BACKGROUND OF THE INVENTION
This application claims the benefit and filing priority of U.S. Provisional Patent Application No. 61/716,023 filed on Oct. 19, 2012.
The present invention relates generally to building modeling systems, and more particularly to a novel customizable interactive building modeling system capable of graphically depicting complex facility operations and infrastructure systems. It is contemplated that the system according to the present invention will be used with mechanical (i.e. heating, ventilation, air conditioning system), electrical (i.e. power distribution and controls), plumbing (i.e. domestic water, steam, and waste water, storm and sanitary) and fire protection (i.e. pre-action, sprinkler and fire alarm) (MEPFP) systems within, by way of example only, and without limitation, hospitals, commercial buildings, industrial buildings, residential buildings, educational buildings, entertainment complexes, data centers, large warehouses, large nursing homes, recreational centers, penal facilities, and governmental and other facilities. As used in this specification, the term “facility” is meant to include all types of facilities, buildings, and infrastructures of the type just mentioned. The present invention further contemplates the user's ability to utilize the graphic user interface associated with portable and battery operated devices, such as laptops, tablets and smartphones, by use of a standalone program, app or internet based interface to enjoy the features of this novel system.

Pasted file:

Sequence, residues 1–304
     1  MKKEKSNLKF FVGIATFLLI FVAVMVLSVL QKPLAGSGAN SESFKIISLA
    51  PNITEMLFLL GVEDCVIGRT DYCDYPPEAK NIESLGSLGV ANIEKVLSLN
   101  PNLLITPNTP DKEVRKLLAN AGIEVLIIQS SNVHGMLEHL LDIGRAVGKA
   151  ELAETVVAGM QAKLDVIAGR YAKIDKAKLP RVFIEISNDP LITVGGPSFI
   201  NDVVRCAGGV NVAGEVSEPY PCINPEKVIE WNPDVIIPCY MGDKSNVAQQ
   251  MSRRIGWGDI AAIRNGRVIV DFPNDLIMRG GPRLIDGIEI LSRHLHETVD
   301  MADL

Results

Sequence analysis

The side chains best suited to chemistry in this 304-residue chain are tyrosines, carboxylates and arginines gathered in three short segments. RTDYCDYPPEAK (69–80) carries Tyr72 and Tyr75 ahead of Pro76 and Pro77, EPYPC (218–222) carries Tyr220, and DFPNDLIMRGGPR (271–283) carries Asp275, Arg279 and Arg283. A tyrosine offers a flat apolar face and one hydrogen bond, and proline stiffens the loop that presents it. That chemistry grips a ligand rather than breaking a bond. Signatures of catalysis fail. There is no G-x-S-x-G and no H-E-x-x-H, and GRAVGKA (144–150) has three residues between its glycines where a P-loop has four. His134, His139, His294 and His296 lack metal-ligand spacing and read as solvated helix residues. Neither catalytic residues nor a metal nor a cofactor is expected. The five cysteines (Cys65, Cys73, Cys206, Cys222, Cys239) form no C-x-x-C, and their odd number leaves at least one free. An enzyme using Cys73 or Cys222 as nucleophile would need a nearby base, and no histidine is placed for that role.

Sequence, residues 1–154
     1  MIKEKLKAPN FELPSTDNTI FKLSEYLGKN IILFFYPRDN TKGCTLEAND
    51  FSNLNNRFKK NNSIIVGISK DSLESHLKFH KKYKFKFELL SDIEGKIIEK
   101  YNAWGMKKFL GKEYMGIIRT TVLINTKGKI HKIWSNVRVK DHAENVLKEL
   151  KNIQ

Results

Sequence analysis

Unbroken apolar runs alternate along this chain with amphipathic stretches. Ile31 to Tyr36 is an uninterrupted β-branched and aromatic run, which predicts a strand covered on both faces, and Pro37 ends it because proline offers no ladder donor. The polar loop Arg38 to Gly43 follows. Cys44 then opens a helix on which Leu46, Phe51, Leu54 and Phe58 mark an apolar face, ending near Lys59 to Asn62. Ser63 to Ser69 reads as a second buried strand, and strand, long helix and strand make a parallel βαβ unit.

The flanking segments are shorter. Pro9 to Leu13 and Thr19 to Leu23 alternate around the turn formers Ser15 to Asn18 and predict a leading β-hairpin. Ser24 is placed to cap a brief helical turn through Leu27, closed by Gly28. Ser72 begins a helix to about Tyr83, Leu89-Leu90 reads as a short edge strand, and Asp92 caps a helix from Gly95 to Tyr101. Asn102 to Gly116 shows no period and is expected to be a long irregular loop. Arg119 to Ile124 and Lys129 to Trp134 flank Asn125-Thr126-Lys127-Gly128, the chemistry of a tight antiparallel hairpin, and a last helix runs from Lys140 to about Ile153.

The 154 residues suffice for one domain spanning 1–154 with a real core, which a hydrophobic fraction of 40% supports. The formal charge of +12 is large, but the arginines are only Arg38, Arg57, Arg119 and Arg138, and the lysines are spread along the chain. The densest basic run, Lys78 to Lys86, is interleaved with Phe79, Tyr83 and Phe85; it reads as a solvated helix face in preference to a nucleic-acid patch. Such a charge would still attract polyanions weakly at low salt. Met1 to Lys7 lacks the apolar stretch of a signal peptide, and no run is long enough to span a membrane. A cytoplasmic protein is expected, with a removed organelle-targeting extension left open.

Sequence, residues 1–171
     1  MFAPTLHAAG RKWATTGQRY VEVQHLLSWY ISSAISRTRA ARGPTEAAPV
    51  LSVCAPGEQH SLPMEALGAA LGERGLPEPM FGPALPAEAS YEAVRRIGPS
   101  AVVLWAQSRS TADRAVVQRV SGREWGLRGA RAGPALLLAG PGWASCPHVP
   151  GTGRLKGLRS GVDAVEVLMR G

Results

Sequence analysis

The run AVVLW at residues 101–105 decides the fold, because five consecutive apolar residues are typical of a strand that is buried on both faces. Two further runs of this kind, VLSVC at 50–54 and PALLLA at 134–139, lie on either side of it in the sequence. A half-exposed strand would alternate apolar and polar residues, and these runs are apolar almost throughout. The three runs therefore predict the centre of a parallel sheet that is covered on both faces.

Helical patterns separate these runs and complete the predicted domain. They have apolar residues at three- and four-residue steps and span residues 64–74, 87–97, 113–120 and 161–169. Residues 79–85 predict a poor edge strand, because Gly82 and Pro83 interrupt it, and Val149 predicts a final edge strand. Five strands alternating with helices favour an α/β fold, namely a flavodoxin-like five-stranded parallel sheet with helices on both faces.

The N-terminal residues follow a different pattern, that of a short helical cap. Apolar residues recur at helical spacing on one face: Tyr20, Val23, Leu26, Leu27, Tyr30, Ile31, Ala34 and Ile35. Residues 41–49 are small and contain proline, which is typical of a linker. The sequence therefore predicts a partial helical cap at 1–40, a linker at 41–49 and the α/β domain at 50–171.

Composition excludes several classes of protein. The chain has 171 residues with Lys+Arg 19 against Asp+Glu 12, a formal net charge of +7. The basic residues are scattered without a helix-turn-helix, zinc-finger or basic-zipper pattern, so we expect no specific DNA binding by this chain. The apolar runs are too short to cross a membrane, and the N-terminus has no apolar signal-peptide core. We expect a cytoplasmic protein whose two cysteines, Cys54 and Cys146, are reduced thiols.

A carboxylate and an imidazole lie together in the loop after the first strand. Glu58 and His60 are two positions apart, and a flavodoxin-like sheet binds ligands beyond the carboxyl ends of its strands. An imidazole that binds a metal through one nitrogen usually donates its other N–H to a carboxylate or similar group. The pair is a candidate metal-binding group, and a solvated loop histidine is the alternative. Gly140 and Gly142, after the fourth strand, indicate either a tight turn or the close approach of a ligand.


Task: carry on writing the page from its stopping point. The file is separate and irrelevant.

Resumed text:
As will be further elaborated upon below, currently, in facilities of the type described above, there are mechanical, electrical plumbing systems, and fire protection which require care, maintenance and modeling for safety and other reasons. In many cases, there is reliance by a facilities manager upon diagrams in which these systems are illustrated. Floorplans with circuit and infrastructure layouts and details are relied upon. Chilled water pipe diagrams picture their routing. The equipment itself is normally labeled, such as on electrical switchboards or on a panel schedule which is tucked away in a sleeve within the panel's trim. Then there is reliance upon the memory of personnel, such as a chief engineer or staff electrician, for example, who may be familiar (in varying degrees) with the systems involved.
The modeling of facilities of the type with which the present invention may be used is often accomplished manually. Such facilities may include new construction or existing structures. Personnel utilize “as built” drawings of varying quality. Such drawings are static in nature. Important information is often not organized properly. Their use requires time to retrieve them as well as to interpret them. And, importantly, their manual use introduces human error into the equation.